According to Richard Muller, lead author of the BEST study, extreme events are not increasing:-

        … And I thought he meant it in the sense that storms like Katrina are the inevitable consequence of what happens when we constantly pump – without any sort of limitations – CO2 – you know, greenhouse gases and CO2 – into the atmosphere. So, even if your interpretation is correct, that Katrina had nothing to do with global warming, is it fair to say that if we don’t take any steps to reduce emissions, we are going to have more superstorms like Katrina?

        Richard Muller: Oh, no. No, no. First, you have to recognise that according to the National Hurricane Center in Miami, the number of hurricanes has been going down. The next thing you need to know is that Katrina was not a superstorm, it was only a Category 3 when it hit New Orleans. Just happened to be the first Category 3 that hit New Orleans in decades.

        And they were unprepared for it – it was Category 5 when it was out to sea, and now we call it Category 5 because we have satellites and we can detect things out at sea.

        But the number of hurricanes has been constant – in fact, it has been going down slightly. The theory doesn’t predict more intense storms. The theory says that’s a possibility, but intense storms come about when there are big temperature differences between the Equator and the Poles – that’s what drives the energy up and makes the hurricanes.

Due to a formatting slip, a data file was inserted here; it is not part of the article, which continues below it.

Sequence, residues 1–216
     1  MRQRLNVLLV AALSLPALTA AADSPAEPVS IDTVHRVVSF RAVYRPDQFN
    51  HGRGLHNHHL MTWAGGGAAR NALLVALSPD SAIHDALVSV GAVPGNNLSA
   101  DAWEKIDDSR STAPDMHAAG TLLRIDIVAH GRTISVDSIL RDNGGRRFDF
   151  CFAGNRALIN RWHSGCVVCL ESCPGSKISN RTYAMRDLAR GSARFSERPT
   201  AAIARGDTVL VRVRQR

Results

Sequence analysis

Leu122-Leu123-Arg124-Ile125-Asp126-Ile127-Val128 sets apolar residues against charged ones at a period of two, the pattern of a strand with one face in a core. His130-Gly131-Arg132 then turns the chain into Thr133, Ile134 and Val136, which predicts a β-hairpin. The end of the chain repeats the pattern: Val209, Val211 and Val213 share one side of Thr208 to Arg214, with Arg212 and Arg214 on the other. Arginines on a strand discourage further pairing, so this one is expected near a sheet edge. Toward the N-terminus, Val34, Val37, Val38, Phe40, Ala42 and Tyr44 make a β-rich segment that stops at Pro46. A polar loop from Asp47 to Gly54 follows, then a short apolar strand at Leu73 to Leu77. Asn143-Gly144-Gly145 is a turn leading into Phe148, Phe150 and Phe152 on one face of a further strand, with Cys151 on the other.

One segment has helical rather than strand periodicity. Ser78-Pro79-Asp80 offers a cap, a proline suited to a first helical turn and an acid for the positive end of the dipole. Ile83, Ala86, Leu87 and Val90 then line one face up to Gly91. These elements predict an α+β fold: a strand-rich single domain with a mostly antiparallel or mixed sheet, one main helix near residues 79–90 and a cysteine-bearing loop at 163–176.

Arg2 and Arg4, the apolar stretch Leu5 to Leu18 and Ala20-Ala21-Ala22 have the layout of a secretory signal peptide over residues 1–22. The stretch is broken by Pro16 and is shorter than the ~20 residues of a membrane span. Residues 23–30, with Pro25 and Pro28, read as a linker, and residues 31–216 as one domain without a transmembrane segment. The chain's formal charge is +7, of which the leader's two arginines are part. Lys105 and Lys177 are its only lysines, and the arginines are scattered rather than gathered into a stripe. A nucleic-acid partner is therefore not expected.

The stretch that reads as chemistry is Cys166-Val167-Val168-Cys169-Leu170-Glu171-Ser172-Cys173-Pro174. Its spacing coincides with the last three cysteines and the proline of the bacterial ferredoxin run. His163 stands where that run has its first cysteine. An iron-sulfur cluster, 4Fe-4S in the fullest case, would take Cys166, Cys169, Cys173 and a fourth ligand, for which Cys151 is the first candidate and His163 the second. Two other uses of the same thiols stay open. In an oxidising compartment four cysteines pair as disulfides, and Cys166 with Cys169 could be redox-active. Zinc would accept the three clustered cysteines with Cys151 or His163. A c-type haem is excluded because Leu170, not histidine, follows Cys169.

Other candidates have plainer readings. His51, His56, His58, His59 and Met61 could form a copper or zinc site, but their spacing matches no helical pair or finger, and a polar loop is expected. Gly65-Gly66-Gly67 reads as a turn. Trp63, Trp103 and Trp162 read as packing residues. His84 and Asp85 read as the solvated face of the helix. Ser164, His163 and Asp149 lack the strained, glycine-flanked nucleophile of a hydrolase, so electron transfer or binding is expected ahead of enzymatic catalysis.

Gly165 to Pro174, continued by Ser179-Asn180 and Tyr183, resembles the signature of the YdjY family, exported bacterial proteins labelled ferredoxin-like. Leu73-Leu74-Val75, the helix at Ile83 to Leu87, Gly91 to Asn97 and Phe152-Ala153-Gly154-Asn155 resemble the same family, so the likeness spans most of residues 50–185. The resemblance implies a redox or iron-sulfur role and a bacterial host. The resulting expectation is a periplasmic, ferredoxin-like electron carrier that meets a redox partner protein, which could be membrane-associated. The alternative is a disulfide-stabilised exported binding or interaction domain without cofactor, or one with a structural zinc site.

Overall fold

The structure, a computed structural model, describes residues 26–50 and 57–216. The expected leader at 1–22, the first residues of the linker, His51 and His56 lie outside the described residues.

And in global warming theory, you expect the temperature difference to decrease, because the Poles warm more than the Equator. So it’s plausible that storms will go up, plausible that they will go down, but Hurricane Katrina was just – a place – a hurricane that hit a city that was unprepared. It was not an extremely intense storm.

        You guys are like a bunch of fanatic Christians, searching for the hand of Satan in worldly affairs. The science does not support your assertions.

      • Nick says:

        Time waster Eric. Your argument methods are crap,substandard. You’ve made a sweeping claim [none have been realised] about predictions by scientists which covers a whole raft of weather and climate phenomena.

        When challenged you trot out your “you guys are fanatics” rubbish and cite one ill-informed person [Muller] talking superficially about one phenomenon. Muller does not support your generalisation. Muller cites hurricanes in general as not increasing. No one disputes the global hurricane record shows a lot of variation from year to year. What hurricane researchers have noted is that the proportion of severe hurricanes to the total number of all categories has increased. And that temperature gradients between equator and poles have changed,bringing extra-tropical storms to higher latitudes.